• Patel and Abbas set up the Film Journalists' Association (FJA) in 1939.
    This photograph was published in Filmare on August 30, 1957, of the Indian film actress Madhubala
    Studios such as Bombay Talkies, New Theatres Ltd, and Rajkamal Kalamandir were favourites with Abbas and Patel and featured on their "best films" lists, thereby generating academic attention even decades later. Whereas, several successful studios of that time like Ranjit Film Company, Saroj Movietone, Prakash Pictures, Saraswati Cinetone, and Huns Pictures "remain undocumented".[5]
  • The first to refer to Madhubala as the "Venus of the Indian Screen".[16]


  • Editorial
  • Bombay Calling
  • The Editor’s Mail
  • Reviews
  • News From Abroad
  • Round The Town, which later became "Our Review"
  • Studio Close-Ups
  • Foreign Pictures of the Month
  • Horoscope (discontinued later)
  • Howlers of the Month (discontinued later)


According to author, journalist Bhawna Somaya, "It was the most popular film magazine of its time, widely appreciated for its bold stand on current issues and a scintillating style of writing. It was said that Baburao's column made and broke careers". His "acid reviews" were dreaded by producers and directors".[12]

Dev Anand stated, "When I first came to Bombay looking for a break in the movies, somewhere within me lurked a desire to meet the man and have a look at this magician who meant the Indian movie industry to me. Baburao Patel made and unmade stars. He established or destroyed a film with just a stroke of his pen. That much power he wielded then".[6]


Baburao Patel was famous for his sharp wit, and according to Habib Tanveer he was discerning and wrote "absolutely frankly", "totally ruthlessly and funnily".[15] He was often criticised and in a self- authored chapter stated:[17]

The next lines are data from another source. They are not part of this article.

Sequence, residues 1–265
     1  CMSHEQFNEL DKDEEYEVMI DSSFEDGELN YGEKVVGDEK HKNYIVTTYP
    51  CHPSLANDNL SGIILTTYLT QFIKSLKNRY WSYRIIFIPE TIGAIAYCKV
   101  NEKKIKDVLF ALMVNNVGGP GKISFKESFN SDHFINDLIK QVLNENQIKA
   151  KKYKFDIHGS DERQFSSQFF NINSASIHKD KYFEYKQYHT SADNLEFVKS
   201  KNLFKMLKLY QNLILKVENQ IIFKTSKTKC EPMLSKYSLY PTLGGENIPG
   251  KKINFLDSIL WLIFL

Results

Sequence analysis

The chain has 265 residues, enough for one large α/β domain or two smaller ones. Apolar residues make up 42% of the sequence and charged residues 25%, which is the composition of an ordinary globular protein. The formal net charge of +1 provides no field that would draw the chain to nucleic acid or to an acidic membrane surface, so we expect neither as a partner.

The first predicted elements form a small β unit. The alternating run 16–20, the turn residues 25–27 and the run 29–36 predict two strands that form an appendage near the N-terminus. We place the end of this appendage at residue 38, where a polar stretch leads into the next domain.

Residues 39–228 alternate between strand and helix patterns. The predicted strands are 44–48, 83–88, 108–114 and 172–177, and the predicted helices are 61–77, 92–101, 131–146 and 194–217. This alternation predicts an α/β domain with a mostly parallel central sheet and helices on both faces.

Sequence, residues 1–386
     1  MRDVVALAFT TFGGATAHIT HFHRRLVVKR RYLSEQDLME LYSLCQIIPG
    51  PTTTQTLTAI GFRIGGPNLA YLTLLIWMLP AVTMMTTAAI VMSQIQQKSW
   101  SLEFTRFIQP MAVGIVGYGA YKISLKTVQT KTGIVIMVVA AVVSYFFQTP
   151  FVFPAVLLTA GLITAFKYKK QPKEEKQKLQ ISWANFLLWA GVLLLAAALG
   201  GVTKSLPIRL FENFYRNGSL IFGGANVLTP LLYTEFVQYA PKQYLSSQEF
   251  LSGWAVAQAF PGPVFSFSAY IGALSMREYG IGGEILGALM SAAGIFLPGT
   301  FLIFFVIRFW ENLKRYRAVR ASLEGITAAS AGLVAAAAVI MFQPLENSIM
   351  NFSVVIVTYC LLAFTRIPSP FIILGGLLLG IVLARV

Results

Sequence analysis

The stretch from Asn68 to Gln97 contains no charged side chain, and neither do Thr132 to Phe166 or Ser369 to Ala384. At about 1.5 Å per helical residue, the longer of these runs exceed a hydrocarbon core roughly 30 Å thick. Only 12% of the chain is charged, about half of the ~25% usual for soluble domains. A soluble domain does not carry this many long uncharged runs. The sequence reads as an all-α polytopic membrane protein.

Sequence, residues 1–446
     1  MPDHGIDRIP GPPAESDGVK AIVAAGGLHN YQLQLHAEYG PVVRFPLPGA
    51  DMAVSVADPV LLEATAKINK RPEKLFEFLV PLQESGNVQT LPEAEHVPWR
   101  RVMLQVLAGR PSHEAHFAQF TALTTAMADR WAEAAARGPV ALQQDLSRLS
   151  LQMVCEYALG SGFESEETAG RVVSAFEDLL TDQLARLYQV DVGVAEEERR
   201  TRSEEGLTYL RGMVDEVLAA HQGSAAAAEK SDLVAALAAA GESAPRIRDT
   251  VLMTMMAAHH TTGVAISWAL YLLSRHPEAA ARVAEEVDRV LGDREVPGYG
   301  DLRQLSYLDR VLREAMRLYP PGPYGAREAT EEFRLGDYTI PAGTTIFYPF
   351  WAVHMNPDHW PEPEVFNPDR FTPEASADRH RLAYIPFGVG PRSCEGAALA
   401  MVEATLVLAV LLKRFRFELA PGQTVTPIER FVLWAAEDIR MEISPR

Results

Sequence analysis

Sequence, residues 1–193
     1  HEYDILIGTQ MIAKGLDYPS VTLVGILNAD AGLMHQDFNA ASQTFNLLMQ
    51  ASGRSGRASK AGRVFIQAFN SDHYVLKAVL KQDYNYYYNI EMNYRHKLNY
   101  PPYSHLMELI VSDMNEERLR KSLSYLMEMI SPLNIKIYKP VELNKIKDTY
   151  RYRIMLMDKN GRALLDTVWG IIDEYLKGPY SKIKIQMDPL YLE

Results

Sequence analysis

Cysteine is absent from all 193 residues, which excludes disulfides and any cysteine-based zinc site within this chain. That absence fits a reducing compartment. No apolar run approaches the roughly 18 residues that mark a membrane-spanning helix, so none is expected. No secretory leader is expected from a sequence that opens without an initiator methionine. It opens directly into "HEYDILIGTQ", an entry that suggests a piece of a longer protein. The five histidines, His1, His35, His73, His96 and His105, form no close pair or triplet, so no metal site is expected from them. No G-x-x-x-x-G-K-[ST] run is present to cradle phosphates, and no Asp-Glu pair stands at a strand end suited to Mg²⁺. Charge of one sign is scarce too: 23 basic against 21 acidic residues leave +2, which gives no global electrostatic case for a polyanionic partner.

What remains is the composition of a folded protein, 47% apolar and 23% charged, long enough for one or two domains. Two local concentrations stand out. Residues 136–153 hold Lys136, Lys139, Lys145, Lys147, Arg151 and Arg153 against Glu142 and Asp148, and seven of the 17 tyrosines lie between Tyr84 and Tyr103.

"I took criticism as my main selling point. That was the best feature of filmindia. And the "Editor's Mail". Filmindia was the only paper that counted in those days. Distributors would not take delivery of the prints after reading my reviews. But it never affected the seeing public. The box-office was never affected".

See alsoEdit


  1. ^ Kajri Jain (2007). Gods in the Bazaar: The Economies of Indian Calendar Art. Duke University Press. p. 153. ISBN 0-8223-3926-9.
  2. ^ Cinema Vision India. S. Kak. 1980. p. 66.
  3. ^ B. K. Karanjia (1990). Blundering in Wonderland. Vikas Publishing House. p. 8. ISBN 978-0-7069-4961-2.
  4. ^ Raminder Kaur; Ajay J Sinha (13 July 2005). Bollyworld: Popular Indian Cinema Through A Transnational Lens. SAGE Publications. p. 43. ISBN 978-0-7619-3320-5.
  5. ^ a b c d e f Debashree Mukherjee. "Creating Cinema's Reading Publics: The Emergence of Film Journalism in Bombay". Academia. Retrieved 23 August 2015.
  6. ^ a b Sharma, N. D. (December 1979). "'Over 1200 Intellectual EliteLed by Chief Justice Give Baburao Patel a Standing Ovation!"". Mother India: 27.
  7. ^ T. M. Ramachandran; S. Rukmini (1985). 70 Years of Indian Cinema, 1913–1983. CINEMA India-International. p. 314. ISBN 978-0-86132-090-5.
  8. ^ a b Asha Kasbekar (January 2006). Pop Culture India!: Media, Arts, and Lifestyle. ABC-CLIO. p. 118. ISBN 978-1-85109-636-7.
  9. ^ Ashish Rajadhyaksha; Paul Willemen (2014). Encyclopedia of Indian Cinema. Routledge. p. 279. ISBN 978-1-135-94318-9.
  10. ^ "Archive Samples-Filmland". The Media Lab, Department of Film Studies, Jadavpur University. Retrieved 1 September 2015.
  11. ^ a b Manju Jain (2009). Narratives of Indian Cinema. Primus Books. p. 30. ISBN 978-81-908918-4-4.
  12. ^ a b c Bhawana Somaaya (1 January 2008). Fragmented Frames: Reflections of a Critic. Pustak Mahal. p. 20. ISBN 978-81-223-1016-0. Retrieved 23 August 2015.
  13. ^ James Donald; Michael Renov (2008). The SAGE Handbook of Film Studies. SAGE Publications. p. 476. ISBN 978-1-4462-0682-9.
  14. ^ Panna Shah (1950). The Indian film. Greenwood Press. p. 146.
  15. ^ a b Anjum Katyal (2012). "2-The Bombay Years". Habib Tanvir: Towards an Inclusive Theatre. SAGE Publications. p. 15. ISBN 978-81-321-1111-5.
  16. ^ Ramesh Dawar (1 January 2006). Bollywood: Yesterday, Today, Tomorrow. Star Publications. p. 1. ISBN 978-1-905863-01-3. Retrieved 22 August 2015.
  17. ^ a b Rani Burra; Indian Academy of Motion Picture Arts & Sciences (1981). Fifty years of Indian talkies, 1931–1981: a commemorative volume. Indian Academy of Motion Picture Arts & Sciences.

External linksEdit